I need the Linux command line interface (from a programmer’s perspective) so that I can do a “npm start”. I don’t give a hill of beans what code is actually running bellow Bash: so all of that “link bait” about insecure environments and security concerns is pointless. Does the diner care what knife the cook is using?

    Rant done…

    Love the show… keep up the good work

    • mintCast

      Regarding what Microsoft “knows” about Bash and Ubuntu, I think we were quoting the article’ author in saying that the Microsoft *executives* seem oblivious to that fine distinction. We perhaps got a bit carried away with poking fun, but it wasn’t our idea to begin with. 🙂

      I’m also a bit puzzled about what problem Microsoft is trying to solve. As you correctly point out, most of the popular suite of languages around run fine on Windows. It’s different to be sure, but it’s functional.

      Oh, and I think it’s fair to say we specialize in silly… at least Rob does. Isaac is a bit brighter and better informed. 🙂

      • Kevin

        >>… what problem Microsoft is trying to solve….It’s different to be sure, but it’s functional.

        Functional is fine when you are at least free (as in beer) and it’s a major problem they are having. They can clearly see developers leaving the walled garden of Visual Studio and Sql Server.

        1) Open Source is no longer seen as a threat, so long as it’s under a permissive license 🙂

        On my last contract job, I actually sat in a meeting and had a serious discussion about using MongoDB in place of Sql Server for a portion of a project. I threw out the idea in a fit of sarcasm and was blown away when he said “Sure, Kevin. That’s a great idea.” They even asked me to give a talk about using DotNet core.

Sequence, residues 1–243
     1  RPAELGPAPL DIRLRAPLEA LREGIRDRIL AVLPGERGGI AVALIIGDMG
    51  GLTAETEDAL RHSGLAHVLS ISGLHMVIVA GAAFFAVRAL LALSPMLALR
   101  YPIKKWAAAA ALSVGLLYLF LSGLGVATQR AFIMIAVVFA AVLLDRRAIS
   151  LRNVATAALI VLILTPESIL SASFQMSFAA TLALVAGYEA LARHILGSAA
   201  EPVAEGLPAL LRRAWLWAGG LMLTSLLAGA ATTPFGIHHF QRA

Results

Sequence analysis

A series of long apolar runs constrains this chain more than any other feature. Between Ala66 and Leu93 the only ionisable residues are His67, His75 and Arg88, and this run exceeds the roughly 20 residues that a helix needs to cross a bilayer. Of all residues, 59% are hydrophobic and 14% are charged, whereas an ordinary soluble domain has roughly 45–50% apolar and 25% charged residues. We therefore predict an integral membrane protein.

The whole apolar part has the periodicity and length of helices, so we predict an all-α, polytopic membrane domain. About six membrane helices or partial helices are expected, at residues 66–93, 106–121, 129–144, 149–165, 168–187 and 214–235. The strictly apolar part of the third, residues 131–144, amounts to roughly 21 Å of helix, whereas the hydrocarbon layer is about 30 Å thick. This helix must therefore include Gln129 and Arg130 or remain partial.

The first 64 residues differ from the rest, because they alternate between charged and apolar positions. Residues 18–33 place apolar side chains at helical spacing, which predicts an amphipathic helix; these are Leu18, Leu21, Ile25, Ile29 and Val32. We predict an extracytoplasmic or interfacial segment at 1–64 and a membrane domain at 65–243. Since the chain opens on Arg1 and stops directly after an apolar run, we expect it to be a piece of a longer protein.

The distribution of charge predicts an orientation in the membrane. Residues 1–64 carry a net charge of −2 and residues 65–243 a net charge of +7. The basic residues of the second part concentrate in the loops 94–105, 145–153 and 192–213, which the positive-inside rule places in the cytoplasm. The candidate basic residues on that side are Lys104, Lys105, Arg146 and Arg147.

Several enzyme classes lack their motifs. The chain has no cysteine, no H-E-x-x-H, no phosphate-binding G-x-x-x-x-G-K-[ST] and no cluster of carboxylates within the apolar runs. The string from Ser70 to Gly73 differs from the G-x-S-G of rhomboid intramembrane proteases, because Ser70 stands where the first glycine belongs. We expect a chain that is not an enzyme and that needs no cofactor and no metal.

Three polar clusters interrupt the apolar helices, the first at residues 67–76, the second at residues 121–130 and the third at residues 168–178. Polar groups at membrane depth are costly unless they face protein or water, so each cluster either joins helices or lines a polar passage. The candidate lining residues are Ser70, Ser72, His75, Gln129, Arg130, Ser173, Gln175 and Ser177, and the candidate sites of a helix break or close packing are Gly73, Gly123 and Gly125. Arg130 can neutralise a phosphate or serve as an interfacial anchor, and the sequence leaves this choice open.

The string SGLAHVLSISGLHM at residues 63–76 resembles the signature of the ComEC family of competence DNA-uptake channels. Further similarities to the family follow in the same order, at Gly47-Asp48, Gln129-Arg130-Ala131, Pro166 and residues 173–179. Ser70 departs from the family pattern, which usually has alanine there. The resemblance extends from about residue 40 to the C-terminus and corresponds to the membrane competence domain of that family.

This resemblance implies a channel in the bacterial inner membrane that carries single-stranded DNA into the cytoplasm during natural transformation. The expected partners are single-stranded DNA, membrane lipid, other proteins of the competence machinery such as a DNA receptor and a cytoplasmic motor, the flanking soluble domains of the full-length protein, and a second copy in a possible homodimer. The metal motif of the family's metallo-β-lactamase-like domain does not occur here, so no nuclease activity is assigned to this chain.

2) The browser is new OS and in that environment it doesn’t matter what’s on your server, thus freeing you to use whatever technology you want. Virtually all new web development is built around NodeJs and that means you need a POSIX shell

        4) Chrome is the new OS

    • dshimer

      Well said. So many of the knee jerk reactions floating around just seem so ill informed and short sighted they just seem hard to seriously take in. It seem especially so since this has been out for long enough for even semi technical people (me) to try it out and there are so many really in depth explanations of what can be done, how it is accomplished, and why some folks will find it life changing. I really appreciate everything Dustin K has done since the day of the announcement at the Microsoft developers conference to bring some reason and actual information to the table.

    • mintCast

      I’m not seeing the same problem. Not sure what to suggest. Chrome seems to be able to access the podcast without difficulty, and BeyondPod downloaded to my phine without complaint.

  3. dshimer

    re: Bash on Windows
    For anyone interested in the why and how there was a great discussion on the Ubuntu Community QA a while back.

    A couple caveats.
    1) This isn’t 100% bash on Windows, it is a community QA on any topic, but Dustin K was there and spent a good deal of time answering questions on the topic.
    2) Dustin works for Canonical, if you dislike them, or Ubuntu, understand that he is going to talk nice about both.

  4. mikef90000

    I keep hearing the audio equivalent of ‘deer in the headlights’ on Mintcast :-). This time was the whining about identically named apps in the menu – happens especially when multiple DE’s are installed. It also doesn’t help when GNOME Always leaves out the package name. C’mon, you guys are experienced enough to remember the solution.
    Solution – take a minute and go the /usr/share/applications folder, then edit the appropriate .desktop files as root. Now I have ‘File Manager (thunar)’ and ‘File Manager (pcmanfm)’ in the menu and panel balloon help. You can also create dups in ~/.local/share/applications, but that can get confusing.